A week ago I announced my mission to achieve Portuguese proficiency as close to that of a native speaker as possible in 3 months. In this post I’m going to talk about what I’ve done in the first week to reach that goal.
When I announced my mission I stated that I want to improve a few specific areas of my Portuguese. I want to master Portuguese grammar, improve my vocabulary, increase cultural fluency and achieve a native like accent.
One thing I didn’t really make clear is from which region in Brazil I intend to model my accent after. First I intend to clean up my pronunciation to adopt a general Brazilian accent. Once I’ve done that I’ll start with a Mineiro accent, then a Carioca accent, then a Paulistano accent. My intention is to gain proficiency in several local dialects of Brazilian Portuguese so that I can travel freely throughout Brazil and leave people wondering where I’m from.
I spent most of my study time this week working on pronunciation and with grammar as a secondary focus. In the rest of the post I’ll explain my process and what I’ve learned so far.
Changing study habits to ensure success
A common objection that people have to learning a language is that they don’t have any time to study. People who make this excuse are generally looking at adding an hour of Portuguese studying on top of their already busy schedule. Scheduling study time on top of an already busy schedule is not the best approach to time management.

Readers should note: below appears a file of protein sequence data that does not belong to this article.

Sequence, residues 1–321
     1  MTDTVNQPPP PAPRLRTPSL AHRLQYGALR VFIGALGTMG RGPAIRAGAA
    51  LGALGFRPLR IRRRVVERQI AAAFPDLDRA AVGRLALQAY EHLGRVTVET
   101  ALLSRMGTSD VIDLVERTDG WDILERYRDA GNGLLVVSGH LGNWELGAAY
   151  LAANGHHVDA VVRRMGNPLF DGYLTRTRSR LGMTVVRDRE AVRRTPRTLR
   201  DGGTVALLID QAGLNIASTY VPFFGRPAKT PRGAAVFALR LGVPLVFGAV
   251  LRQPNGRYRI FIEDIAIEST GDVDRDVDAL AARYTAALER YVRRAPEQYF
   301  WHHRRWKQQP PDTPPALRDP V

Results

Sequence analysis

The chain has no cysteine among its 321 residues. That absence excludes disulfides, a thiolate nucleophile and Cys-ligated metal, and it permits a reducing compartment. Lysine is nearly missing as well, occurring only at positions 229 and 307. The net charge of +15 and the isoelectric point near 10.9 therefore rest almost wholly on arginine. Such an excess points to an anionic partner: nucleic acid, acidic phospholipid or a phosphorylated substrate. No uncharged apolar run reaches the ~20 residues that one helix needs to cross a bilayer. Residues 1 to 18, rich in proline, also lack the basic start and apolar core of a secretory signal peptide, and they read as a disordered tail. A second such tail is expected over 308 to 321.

Instead you should focus on replacing your current habits with activities that will get you closer to your Portuguese goals. Instead of watching TV, watch Semantica. Instead of listening to the radio, listen to Portuguese Pod or Brazilian music or Pimsleur. Instead of playing video games play Duolingo.
Before starting this mission I wasn’t spending any time studying Portuguese. I speak Portuguese every day, and I read a lot of websites in Portuguese, but I didn’t have any time set aside specifically for studying. Occasionally I might ask for a hint from a Brazilian friend, or write down an interesting word or phrase to remember later, but that was it.
To start this week off I looked at how I had recently been spending my time in search of habits that I might replace with Portuguese learning. Normally one of the first things I do in the morning is read a book for about a half hour. Instead of doing that this week, I spent about a half hour doing sound training exercises with Mimic Method.
Each lesson in the Mimic Method breaks down the lyrics of a song to their individual sounds. First you learn the rhythm of the song, then you train your mouth to make the individual sounds of the lyrics, then you put them together into words, then you sing at reduced speed, then you record yourself singing at full speed and send to Idahosa to correct. Each lesson takes about a half hour to an hour.
So far these exercises are doing wonders for my pronunciation. Its helped me to recognize errors that I habitually make and correct them before they happen. The biggest improvement has been with words with nasal sounds like tenho, sempre, samba. I’m still working on lh sounds which are proving to be the most difficult to master.
For an absolute beginner, the Mimic Method would be a really hard course to stick with, but if you can manage to work your way through all of the lessons you’ll have flawless pronunciation in a relatively short amount of time. For someone who already speaks Portuguese its easier to work through since you’ll recognize a lot of the sounds.
Recording Videos in Portuguese
Another habit I changed was I started making videos in Portuguese giving tips about learning English. I had the habit of recording videos in English until my video editor left the country. For this mission I decided to resurrect that habit and use it as a tool to improve my Portuguese while growing my Brazilian viewership.